VAT rules attacked

The government has refused to limit new powers given to Customs & Excise in the Budget allowing it to force companies out of VAT groups.

Paymaster General Dawn Primarolo rejected Tory and Liberal Democrat protests that Customs will be able to act purely to increase its revenue.

The opposition failed to press the issue to a vote in the Finance Bill committee dealing with Budget legislation, creating the possibility of a further confrontation when the Bill returns to the floor of the Commons.

The proposed powers give Customs the authority to remove companies from VAT groups for what the Bill describes as the ‘protection of the revenue’.

This definition was seized upon by accountant MP Nick Gibb, a shadow front-bench spokesman, who led Tory protests and cited complaints from professional bodies, including the English ICA.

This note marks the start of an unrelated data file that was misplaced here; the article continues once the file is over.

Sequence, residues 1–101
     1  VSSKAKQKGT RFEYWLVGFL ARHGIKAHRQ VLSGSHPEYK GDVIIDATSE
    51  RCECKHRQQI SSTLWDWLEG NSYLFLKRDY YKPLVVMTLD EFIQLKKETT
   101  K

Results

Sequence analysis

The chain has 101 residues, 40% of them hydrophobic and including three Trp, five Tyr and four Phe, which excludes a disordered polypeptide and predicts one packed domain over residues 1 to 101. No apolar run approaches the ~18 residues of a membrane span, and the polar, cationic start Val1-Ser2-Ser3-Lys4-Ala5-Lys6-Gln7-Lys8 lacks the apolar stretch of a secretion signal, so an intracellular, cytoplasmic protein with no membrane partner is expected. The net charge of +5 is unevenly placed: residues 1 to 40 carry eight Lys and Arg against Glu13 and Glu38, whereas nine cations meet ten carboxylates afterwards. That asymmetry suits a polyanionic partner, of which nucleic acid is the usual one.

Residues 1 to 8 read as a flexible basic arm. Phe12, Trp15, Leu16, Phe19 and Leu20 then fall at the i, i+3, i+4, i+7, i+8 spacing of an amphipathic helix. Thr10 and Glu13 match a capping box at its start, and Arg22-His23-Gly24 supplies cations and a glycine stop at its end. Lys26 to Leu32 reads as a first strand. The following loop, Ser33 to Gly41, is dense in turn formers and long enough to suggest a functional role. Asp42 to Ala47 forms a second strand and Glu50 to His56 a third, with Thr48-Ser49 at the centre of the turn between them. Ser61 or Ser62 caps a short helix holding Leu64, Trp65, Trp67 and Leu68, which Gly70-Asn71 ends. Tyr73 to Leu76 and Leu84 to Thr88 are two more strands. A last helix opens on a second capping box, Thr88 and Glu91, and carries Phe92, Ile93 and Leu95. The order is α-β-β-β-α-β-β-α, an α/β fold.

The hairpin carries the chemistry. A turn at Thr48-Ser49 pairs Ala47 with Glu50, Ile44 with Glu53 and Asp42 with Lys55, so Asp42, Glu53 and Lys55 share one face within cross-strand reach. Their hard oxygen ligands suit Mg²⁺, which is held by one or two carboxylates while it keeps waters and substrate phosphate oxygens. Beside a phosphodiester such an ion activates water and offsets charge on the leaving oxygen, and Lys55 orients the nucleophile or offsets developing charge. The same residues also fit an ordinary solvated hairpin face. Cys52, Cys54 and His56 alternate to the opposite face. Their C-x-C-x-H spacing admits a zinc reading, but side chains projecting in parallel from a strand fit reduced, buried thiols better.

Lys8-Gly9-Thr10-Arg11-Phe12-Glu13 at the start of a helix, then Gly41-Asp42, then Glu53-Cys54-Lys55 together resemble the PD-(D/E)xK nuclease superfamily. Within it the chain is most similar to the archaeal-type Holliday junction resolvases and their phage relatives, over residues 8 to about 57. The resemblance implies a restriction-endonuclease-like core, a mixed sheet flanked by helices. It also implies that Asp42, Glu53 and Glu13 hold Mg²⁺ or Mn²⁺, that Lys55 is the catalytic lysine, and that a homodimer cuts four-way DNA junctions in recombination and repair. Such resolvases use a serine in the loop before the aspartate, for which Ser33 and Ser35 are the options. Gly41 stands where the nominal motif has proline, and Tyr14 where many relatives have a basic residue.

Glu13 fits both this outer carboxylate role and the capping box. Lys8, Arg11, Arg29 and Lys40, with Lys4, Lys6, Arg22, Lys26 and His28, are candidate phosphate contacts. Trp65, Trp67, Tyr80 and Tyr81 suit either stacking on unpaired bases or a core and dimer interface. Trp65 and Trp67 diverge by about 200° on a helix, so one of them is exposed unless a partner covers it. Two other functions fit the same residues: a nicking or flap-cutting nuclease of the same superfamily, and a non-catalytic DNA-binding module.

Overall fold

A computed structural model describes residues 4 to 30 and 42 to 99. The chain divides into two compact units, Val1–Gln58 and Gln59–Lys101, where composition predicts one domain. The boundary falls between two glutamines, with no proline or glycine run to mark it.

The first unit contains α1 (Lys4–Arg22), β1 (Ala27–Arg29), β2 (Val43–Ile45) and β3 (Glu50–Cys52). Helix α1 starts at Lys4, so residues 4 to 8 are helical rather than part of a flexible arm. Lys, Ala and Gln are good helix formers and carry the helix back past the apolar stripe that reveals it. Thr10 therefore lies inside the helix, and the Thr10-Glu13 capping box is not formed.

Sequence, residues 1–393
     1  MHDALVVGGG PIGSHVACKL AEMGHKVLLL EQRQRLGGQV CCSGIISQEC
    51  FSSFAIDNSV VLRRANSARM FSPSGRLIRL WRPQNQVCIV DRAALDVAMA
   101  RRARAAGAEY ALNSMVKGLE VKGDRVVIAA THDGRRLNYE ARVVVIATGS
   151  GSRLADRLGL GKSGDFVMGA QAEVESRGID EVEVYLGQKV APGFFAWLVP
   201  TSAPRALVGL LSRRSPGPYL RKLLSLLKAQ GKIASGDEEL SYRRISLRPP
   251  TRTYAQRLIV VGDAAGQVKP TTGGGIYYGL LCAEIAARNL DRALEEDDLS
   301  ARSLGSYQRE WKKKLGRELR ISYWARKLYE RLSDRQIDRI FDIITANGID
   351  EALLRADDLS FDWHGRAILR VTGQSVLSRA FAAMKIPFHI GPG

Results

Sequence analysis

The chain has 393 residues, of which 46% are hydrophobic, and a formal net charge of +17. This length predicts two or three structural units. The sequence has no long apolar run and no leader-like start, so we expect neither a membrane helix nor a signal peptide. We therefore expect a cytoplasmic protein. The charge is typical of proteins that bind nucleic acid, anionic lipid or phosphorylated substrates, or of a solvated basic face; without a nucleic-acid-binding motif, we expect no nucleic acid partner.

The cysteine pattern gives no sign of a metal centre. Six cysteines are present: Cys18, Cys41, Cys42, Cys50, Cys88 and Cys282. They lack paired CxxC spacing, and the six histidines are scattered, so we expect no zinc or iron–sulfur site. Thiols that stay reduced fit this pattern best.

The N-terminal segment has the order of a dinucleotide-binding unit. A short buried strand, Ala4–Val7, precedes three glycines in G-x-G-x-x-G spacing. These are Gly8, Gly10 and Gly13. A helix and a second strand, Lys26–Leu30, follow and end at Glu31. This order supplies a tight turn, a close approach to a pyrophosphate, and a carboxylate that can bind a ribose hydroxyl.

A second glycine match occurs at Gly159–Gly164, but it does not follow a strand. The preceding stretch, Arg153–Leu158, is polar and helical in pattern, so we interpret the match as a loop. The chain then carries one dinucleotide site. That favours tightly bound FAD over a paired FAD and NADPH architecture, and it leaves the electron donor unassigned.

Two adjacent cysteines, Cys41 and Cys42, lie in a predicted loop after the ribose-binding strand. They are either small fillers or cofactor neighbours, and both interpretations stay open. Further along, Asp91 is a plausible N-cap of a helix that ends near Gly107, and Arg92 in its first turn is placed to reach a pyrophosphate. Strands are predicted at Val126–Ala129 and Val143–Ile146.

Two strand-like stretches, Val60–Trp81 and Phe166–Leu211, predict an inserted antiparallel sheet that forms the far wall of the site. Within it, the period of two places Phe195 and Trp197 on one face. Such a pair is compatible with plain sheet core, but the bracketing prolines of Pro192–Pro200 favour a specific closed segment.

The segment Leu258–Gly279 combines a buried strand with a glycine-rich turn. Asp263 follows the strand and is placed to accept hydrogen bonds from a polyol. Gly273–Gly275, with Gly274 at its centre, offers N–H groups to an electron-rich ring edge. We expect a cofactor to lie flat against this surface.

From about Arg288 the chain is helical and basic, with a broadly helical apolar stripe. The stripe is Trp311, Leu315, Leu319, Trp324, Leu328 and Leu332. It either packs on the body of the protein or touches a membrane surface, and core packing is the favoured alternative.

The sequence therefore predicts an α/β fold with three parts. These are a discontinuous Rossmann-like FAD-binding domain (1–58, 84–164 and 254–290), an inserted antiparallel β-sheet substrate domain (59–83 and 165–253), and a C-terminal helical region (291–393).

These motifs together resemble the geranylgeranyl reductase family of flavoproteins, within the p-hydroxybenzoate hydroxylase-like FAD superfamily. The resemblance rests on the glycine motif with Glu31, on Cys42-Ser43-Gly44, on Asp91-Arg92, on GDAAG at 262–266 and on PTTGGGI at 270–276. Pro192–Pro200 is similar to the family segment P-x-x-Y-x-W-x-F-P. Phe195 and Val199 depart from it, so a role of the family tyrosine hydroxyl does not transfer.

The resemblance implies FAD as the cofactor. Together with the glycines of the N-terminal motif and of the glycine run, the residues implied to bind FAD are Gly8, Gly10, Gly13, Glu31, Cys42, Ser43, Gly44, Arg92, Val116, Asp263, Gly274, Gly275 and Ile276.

Gibb said the situation was unacceptable: ‘The phrase “protection of the revenue” sets a precedent and means any measure to raise more revenue for the government.’

He also cited complaints from The Law Society, the Chartered Institute of Taxation and the Institute of Directors – to no avail.

Primarolo retorted: ‘A company will normally be removed from a group for the protection of revenue only if it appears to Customs that it is engaged in a VAT-avoidance scheme, membership of the group threatens the collectability of tax, or the revenue loss associated with its membership of the group goes beyond the natural consequences of grouping.’

She said it was right to extend the existing power to prevent a company joining a group to removing one where circumstances merited it. And she claimed that companies would be able to appeal against any degrouping decision they felt was unfair.

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